# Create the application/data logical volume
/usr/sbin/mklv -y ${RG}${LVID}lv \
-t jfs2 \
-x 5000 \
-a e \
"${RG}${VGID}" \
# Create the application/data file system
/usr/sbin/crfs -v jfs2 \
-d "${RG}${LVID}lv" \
-m "${MTPT}" \
-A y \
-p rw \
-a agblksize=4096 \
-a logname="${RG}${LGID}lv"
# Mount the newly created file system
mount /${RG}

The result of the previous commands is a fully configured file system mounted on a directory identified by the resource group name. The point to all of the shell script commands shown in this article is to re-enforce the business continuity mentality associated with standardized procedures for all aspects of system administration, including the build-out of networking and storage. Standardized procedures such as these lead quickly into process automation and data center automation.
With the automated build-out of networking and storage comes the ability to consider other components for process automation (such as application deployment, database deployment, workload manager configuration, high availability (HACMP) implementation, disaster recovery implementation, automated documentation, audit compliance, and audit response).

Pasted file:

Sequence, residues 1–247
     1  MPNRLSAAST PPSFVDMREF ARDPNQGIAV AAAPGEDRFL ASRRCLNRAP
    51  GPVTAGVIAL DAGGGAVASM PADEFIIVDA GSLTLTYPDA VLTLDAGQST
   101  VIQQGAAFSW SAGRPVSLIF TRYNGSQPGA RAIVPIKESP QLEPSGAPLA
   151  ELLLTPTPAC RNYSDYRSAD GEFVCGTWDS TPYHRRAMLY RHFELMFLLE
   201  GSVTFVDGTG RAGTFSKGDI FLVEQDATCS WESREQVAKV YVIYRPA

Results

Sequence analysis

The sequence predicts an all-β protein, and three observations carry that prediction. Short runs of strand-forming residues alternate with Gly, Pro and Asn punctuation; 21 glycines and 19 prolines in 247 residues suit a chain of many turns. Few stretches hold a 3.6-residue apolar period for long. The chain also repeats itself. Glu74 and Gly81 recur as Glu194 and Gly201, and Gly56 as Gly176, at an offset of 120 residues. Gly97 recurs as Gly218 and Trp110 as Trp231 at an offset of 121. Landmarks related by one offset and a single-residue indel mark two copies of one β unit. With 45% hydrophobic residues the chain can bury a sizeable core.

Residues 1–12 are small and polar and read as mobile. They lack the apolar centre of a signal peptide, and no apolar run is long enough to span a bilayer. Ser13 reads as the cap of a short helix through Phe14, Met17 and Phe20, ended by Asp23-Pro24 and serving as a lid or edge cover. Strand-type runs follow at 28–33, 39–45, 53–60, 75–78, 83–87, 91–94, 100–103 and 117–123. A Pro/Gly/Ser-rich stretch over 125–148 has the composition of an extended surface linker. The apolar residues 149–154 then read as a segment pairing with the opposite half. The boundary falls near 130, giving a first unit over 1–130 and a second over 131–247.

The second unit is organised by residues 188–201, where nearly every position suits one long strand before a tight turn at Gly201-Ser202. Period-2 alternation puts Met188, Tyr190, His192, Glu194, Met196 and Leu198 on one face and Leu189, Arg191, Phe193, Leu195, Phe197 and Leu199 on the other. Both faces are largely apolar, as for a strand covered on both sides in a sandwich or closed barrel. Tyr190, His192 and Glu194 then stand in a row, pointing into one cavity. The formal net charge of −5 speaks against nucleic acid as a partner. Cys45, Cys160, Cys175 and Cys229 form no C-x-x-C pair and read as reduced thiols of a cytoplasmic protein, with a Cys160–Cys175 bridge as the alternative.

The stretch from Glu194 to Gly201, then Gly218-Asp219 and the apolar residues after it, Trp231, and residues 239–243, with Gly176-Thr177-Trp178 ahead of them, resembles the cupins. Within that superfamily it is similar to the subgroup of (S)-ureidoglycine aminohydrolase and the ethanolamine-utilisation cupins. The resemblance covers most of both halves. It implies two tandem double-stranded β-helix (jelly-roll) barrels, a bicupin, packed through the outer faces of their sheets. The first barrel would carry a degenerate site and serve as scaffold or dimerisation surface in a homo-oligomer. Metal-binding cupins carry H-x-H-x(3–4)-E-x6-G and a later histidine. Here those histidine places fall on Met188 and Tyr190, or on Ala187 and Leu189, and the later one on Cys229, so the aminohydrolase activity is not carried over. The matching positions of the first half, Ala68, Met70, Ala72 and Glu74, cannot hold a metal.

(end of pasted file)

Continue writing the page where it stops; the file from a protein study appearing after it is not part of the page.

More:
Prioritizing the SAN fabric communication paths provides multiple benefits:
  • Evenly distribute SAN traffic load across multiple VIO servers.
  • Evenly distribute SAN traffic load across multiple physical adapters.
  • Requires that naming standards be established and implemented that will enhance business continuity efforts.
  • Requires that vSCSI slot numbering standards be established and implemented that will enhance business continuity efforts.
  • Reduces hardware requirements by fully utilizing existing infrastructure.
  • Increases return on investment (ROI) by fully utilizing existing infrastructure.
Most importantly, establishing path priorities provides a standardized, repeatable, teachable methodology that can be maintained across multiple platforms and generations of administrators. A consistent approach to managing and distributing SAN traffic can be documented, tested, and tracked. IT management can use this method to encourage optimization of physical resources and obtain the highest return on investment from those resources.